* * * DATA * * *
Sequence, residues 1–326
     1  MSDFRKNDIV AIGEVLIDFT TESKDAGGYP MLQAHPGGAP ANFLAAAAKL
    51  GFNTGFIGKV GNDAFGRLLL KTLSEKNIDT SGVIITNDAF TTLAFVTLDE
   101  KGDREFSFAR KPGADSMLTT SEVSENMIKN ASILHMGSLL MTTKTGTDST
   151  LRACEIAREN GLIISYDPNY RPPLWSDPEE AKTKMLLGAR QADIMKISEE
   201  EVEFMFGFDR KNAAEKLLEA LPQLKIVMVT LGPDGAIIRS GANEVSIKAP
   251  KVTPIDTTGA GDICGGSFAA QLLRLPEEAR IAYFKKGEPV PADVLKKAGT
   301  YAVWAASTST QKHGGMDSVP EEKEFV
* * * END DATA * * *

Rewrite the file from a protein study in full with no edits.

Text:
Sequence, residues 1–326
     1  MSDFRKNDIV AIGEVLIDFT TESKDAGGYP MLQAHPGGAP ANFLAAAAKL
    51  GFNTGFIGKV GNDAFGRLLL KTLSEKNIDT SGVIITNDAF TTLAFVTLDE
   101  KGDREFSFAR KPGADSMLTT SEVSENMIKN ASILHMGSLL MTTKTGTDST
   151  LRACEIAREN GLIISYDPNY RPPLWSDPEE AKTKMLLGAR QADIMKISEE
   201  EVEFMFGFDR KNAAEKLLEA LPQLKIVMVT LGPDGAIIRS GANEVSIKAP
   251  KVTPIDTTGA GDICGGSFAA QLLRLPEEAR IAYFKKGEPV PADVLKKAGT
   301  YAVWAASTST QKHGGMDSVP EEKEFV